Now it is true that the rules surrounding such an incident have been relaxed. Previously, had a penalty been awarded in such a circumstance then a red card would have been awarded by default. Likewise, followed by suspension. However, this ‘triple’ punishment was first reclassified back in 2016 following an 18 month review and, instead, the rules tweaked to say that only deliberate fouls warrant a red. The yellow would be shown if the referee deemed that it had been accident.

I’m sorry but this was no accident. There was no chance whatsoever of stopping that ball, such was the way the QPR defence had been split open like an overly ripe watermelon by Romaine’s tracer bullet of a pass. Watkins was home clear and running at full tilt. Ingram committed to come off his line and through the player. Even Ian Holloway would admit after the match that, “The penalty save was huge. Should he have been sent off? I think he should but he then stood up, probably concussed, and made a wonderful save”

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An accident? Hmmmm. Sky TV cameras capture the moment

Madley got this one wrong. Very wrong. But then that was the story of his afternoon. Those yellow cards he did show handed out at random. There was no consistency. No boundaries set and, most importantly, no protection of the players. The Bees in particular on the receiving end of several studs up and scything challenges that themselves could have been candidates for ‘straight red’. Alex Baptiste, I’m looking at you.

1-1 at half time and if ever there was a candidate for Dean’s oft repeated lines that ‘We deserved to win’ then here it was. Brentford had been rampant yet somehow scores were level. The second half began at a much more sedate pace (relatively) with players readjusting and substitutions having been made. The pattern of the game being broken up by an even more robust approach form the hoops. Eventually, class told. Florian Jozefzoon proving the telling factor as he made room in the box and fired home.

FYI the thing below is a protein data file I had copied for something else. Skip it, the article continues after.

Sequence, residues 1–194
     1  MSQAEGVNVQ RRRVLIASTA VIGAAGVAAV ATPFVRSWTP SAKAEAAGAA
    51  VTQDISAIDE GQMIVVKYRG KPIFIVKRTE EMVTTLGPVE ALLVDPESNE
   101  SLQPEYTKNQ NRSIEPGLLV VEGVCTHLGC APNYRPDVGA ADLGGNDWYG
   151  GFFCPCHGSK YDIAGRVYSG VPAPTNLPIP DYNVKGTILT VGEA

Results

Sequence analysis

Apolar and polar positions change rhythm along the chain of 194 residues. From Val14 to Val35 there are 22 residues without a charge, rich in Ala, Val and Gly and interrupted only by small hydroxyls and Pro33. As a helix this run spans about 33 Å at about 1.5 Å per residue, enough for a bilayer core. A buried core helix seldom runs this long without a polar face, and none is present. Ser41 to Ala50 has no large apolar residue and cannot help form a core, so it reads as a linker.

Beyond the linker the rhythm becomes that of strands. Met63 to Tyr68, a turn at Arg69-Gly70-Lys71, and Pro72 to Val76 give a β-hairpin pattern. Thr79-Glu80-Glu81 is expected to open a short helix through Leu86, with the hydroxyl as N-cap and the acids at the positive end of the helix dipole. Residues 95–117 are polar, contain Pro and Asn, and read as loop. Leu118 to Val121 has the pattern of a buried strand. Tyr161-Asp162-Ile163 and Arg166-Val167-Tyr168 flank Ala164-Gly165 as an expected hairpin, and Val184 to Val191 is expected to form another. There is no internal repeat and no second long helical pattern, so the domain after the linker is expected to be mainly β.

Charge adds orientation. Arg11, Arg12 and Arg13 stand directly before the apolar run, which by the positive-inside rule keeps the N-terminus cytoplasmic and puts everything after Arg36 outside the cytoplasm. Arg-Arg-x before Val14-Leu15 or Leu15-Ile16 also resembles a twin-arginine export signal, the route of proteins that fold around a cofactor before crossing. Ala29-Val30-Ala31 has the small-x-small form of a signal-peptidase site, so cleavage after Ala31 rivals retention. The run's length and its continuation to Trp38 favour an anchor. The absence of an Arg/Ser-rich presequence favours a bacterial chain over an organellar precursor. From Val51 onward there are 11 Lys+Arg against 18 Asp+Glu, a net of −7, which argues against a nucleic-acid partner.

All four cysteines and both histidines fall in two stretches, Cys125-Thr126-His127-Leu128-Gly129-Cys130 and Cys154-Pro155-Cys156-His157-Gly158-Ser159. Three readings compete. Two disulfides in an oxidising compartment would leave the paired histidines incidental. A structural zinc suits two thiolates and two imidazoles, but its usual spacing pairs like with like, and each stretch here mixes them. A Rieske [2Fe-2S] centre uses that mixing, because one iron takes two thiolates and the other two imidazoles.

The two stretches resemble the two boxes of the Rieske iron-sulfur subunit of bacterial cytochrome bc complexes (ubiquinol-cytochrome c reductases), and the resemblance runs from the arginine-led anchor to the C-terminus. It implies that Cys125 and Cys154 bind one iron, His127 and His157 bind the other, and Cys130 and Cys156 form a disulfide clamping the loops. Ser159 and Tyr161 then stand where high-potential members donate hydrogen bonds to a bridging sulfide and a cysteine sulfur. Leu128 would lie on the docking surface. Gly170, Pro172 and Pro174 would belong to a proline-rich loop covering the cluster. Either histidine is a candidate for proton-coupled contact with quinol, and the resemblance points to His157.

From there the lead was never going to be a surrendered. Whilst Rangers did try to turn up the pressure, I only recall one save of note from Daniel Bentley in the second half. The defence were otherwise rock solid, dealing with high balls and corners as though they were stealing candy from a baby. It felt tense at times. In reality, the players were the epitome of confidence.

A word also for the crowd. What an atmosphere. What passion. What noise. For all Griffin Park is small and old, having everybody so close to the pitch DOES make a huge difference. Moreso in a game such as this against our staunchest of rivals. With all the history, a visit from QPR is always the one we look for when the fixtures are announced. When the game comes around, it is always the one where the noise is the most voluminous (is that even a word?). Loud. The QPR players knew they were in a game. Jake Bidwell, especially. He looked a beaten man in the second half. A resigned shrug to the Braemar Road crowd before his eventual substitution.

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Home supporters jump up to express consternation to Mr Madley and Alex Baptiste – again.

What next? We’re eighth. One point off sixth placed Derby County with two games to go. The trip to Barnsley and then the visit from Hull City. Derby do have that game in hand but its a visit from a Cardiff City team locked in a desperate battle for the second ‘automatic’ place behind Fulham. Should the Bluebirds do us a huge favour on Tuesday night – something that will have the double whammy bonus of railroading The Cottagers – then Saturday becomes even bigger. If that were possible.

Even Middlesbrough in fifth can still be caught, such is the proximity of the teams from positions 5-9. This has all the hallmarks of 2014/15. We were reliant on favours, and our own results, then. We’re in the same position now. The difference being that under Mark Warburton we’d spent large chunks of the season in the play-off zone. WE slipped out after bit of a late wobble results wise before recomposing oursleves nad having results go our way on the final day. Thanks, Derby! To fall short then, having been in control, could have been all kinds of demoralising.